This article is based on a discussion, Humps and bumps with the Palo Alto firewall integrated User-ID agent and Active Directory, posted by @Han.Valk.
The User-ID agent links an IP-address to a user account. It enables identifying your users so that they show up in the logs and you can use them in rules. One can choose between the integrated agent or install the Windows edition. Problem with the Windows variant is that it is unsupported with Windows Server 2022 domain controllers at the moment of this writing. Therefore, in this article I will concentrate on the integrated edition.
Using the integrated User-ID agent, one can choose from several combinations of transport protocols and authentication mechanisms:
Documentation is missing important details and sometimes a bit messy.
For all deployments using the integrated User-ID agent you must add the service account you created to the following three groups that you can find in the Builtin container in Active Directory:
I’ve done some experimenting with different combinations of these three groups and found you need all of them to not only see a Connected status in Server Monitoring, but also to get useful data. A Connected status doesn’t say everything.
If you have a multi-domain forest, you’d be better off creating a universal group in the root domain, assuming that’s where your service account lives. Make the service account a member of this group and add the universal group to the three groups mentioned above.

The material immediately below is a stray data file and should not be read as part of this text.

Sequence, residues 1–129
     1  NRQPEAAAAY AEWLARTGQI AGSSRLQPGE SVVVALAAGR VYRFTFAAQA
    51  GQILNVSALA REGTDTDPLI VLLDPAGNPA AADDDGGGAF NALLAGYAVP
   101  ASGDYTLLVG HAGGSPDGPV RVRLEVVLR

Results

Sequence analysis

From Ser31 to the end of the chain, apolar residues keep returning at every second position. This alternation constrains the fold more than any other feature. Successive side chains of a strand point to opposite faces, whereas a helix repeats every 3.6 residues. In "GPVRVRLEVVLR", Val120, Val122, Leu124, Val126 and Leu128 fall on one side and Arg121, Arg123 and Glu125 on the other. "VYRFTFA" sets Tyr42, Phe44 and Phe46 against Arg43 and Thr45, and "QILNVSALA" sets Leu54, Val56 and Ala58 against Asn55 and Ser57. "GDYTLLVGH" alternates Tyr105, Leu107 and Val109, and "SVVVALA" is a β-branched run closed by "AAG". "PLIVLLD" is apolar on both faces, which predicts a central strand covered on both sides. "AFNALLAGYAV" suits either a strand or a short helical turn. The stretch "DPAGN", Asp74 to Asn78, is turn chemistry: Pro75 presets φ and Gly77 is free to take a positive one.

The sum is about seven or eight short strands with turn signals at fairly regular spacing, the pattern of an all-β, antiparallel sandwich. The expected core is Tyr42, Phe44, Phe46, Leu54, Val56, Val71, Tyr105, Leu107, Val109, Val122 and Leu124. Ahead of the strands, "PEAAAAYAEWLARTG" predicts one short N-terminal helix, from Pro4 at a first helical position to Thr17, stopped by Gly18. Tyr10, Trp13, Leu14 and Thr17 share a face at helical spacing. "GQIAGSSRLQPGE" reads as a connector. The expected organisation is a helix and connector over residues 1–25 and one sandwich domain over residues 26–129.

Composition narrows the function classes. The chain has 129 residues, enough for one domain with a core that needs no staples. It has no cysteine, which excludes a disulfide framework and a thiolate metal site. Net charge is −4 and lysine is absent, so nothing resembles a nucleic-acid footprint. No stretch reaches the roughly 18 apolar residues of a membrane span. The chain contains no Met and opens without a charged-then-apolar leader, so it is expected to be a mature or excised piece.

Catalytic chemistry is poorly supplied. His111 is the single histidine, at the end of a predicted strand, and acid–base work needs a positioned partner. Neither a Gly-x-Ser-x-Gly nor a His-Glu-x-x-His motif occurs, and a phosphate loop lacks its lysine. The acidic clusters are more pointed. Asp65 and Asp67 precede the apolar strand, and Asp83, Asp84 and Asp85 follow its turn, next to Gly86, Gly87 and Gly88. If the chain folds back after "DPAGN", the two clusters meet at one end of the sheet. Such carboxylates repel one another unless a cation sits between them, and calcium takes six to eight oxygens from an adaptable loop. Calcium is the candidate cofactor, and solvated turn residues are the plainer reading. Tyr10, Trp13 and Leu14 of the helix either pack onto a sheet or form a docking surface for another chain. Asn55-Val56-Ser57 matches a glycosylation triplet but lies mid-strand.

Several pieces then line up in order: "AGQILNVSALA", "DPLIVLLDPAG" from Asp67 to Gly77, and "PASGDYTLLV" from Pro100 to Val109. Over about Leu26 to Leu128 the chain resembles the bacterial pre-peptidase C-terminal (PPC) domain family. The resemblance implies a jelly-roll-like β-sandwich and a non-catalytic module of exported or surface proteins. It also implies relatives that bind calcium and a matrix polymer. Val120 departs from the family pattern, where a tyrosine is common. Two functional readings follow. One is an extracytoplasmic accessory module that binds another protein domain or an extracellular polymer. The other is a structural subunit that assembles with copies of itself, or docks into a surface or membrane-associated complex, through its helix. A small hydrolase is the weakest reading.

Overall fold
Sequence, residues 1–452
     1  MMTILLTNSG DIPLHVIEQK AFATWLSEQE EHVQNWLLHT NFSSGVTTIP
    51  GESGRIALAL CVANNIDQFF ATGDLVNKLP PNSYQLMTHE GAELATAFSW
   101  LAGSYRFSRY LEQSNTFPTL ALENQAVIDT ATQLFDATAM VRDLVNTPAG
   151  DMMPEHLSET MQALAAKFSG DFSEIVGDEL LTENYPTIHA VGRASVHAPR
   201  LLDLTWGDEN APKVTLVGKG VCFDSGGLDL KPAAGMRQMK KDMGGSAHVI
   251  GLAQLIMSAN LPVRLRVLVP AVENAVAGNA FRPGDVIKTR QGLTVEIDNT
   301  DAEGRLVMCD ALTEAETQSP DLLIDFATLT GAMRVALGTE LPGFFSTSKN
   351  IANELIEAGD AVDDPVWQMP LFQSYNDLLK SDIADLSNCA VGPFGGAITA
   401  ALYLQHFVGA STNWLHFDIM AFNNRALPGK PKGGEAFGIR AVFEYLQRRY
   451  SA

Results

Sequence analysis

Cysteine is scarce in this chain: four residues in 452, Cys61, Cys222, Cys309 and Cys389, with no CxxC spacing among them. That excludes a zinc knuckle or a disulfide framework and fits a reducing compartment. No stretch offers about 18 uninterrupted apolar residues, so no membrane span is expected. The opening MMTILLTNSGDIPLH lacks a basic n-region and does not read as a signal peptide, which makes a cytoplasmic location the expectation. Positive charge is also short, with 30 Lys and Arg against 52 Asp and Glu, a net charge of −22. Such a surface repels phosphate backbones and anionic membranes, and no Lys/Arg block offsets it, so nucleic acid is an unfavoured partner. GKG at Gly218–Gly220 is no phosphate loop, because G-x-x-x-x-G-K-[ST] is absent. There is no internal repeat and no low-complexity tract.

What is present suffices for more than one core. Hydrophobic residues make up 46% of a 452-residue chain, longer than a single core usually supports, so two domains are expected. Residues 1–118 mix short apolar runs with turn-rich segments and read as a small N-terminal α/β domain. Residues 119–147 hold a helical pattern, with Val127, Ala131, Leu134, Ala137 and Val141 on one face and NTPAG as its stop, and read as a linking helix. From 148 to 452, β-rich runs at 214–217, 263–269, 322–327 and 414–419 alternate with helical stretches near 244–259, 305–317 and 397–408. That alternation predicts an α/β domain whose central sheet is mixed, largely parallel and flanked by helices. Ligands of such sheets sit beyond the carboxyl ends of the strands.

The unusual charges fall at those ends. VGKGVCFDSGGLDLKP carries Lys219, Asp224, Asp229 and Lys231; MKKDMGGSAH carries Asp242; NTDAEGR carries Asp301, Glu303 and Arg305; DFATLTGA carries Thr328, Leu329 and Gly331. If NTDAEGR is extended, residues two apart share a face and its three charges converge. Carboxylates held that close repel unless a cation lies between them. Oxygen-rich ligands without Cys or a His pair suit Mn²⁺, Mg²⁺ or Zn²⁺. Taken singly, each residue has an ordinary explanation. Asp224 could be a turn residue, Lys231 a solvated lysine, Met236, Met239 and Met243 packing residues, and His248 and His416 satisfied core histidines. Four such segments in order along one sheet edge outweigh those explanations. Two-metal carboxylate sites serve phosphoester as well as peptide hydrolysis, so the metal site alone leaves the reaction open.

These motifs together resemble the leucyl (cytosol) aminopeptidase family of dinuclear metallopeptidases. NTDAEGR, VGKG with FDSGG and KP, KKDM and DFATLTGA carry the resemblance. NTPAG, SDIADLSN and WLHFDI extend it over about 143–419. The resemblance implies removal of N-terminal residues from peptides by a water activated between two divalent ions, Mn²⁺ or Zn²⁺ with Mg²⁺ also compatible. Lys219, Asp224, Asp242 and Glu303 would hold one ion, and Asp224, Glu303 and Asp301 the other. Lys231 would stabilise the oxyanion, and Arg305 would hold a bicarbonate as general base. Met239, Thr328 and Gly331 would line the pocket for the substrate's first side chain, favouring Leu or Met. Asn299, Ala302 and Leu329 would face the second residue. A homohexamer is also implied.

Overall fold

One thing the documentation isn’t telling you is that you not only need to give the service account ‘Enable Account’ and ‘Remote Enable’ WMI permissions on the CIMV2 branch but also on everything below it.
Please use Advanced → Add so that these permissions are applied to ‘This namespace and subnamespaces’.
Repeat this for every domain controller you want to monitor.
Another important point is that your service account must support Kerberos AES 128 or 256 bit encryption. Sometimes you must reset the password of the service account as well so that it is stored with AES encryption.
Because of DCOM hardening changes that Microsoft is rolling out, WMI does not work until you deploy the RequireIntegrityActivationAuthenticationLevel registry value and set it to zero. However, this setting currently has no effect in Windows Server 2022. With Windows Server 2022 your system log will fill with event id 10036 errors regardless what value you use for RequireIntegrityActivationAuthenticationLevel.
@Microsoft: Can you please fix RequireIntegrityActivationAuthenticationLevel on Windows Server 2022?
HTTP with Kerberos
This works great in a flat active directory forest, but… What if you have a multi-domain Active Directory forest with child domains and lots of domain controllers? Will this work?
You can only add 4 domain controllers to a Kerberos Server Profile and you can only configure one Kerberos Server Profile to the User-ID Agent Setup.
One other thing, with Kerberos you must configure a domain and use FQDNs. Thus, the firewall must be able to resolve this domain and those domain controllers.
HTTPS with Kerberos
A few things to keep in mind in addition to that what is written above about HTTP with Kerberos:
HTTPS with basic authentication
Everything that I wrote above about HTTPS with Kerberos is also true for HTTPS with basic authentication. When using HTTPS with basic authentication instead of an FQDN you can also use the IP-address of the domain controllers you add to Server Monitoring. So, the firewall doesn’t need the ability to resolve the domain controllers.
One important note: I would not recommend using the HTTPS with basic authentication option since it will enlarge the attack surface of your domain controllers. It will make them vulnerable to password spray attacks.